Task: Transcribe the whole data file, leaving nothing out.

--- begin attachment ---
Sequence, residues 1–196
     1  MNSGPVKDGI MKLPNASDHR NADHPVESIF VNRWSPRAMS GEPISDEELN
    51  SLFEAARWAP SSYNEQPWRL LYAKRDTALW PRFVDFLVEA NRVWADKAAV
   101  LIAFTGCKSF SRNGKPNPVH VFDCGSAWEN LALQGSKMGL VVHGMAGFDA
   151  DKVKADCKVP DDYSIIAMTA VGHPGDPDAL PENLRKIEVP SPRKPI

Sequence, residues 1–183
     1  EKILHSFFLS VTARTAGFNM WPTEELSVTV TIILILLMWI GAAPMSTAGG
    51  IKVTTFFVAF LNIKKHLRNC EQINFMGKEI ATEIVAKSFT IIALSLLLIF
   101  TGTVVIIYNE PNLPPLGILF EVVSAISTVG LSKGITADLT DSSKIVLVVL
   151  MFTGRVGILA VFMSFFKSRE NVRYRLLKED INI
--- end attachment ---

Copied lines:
Sequence, residues 1–196
     1  MNSGPVKDGI MKLPNASDHR NADHPVESIF VNRWSPRAMS GEPISDEELN
    51  SLFEAARWAP SSYNEQPWRL LYAKRDTALW PRFVDFLVEA NRVWADKAAV
   101  LIAFTGCKSF SRNGKPNPVH VFDCGSAWEN LALQGSKMGL VVHGMAGFDA
   151  DKVKADCKVP DDYSIIAMTA VGHPGDPDAL PENLRKIEVP SPRKPI

Sequence, residues 1–183
     1  EKILHSFFLS VTARTAGFNM WPTEELSVTV TIILILLMWI GAAPMSTAGG
    51  IKVTTFFVAF LNIKKHLRNC EQINFMGKEI ATEIVAKSFT IIALSLLLIF
   101  TGTVVIIYNE PNLPPLGILF EVVSAISTVG LSKGITADLT DSSKIVLVVL
   151  MFTGRVGILA VFMSFFKSRE NVRYRLLKED INI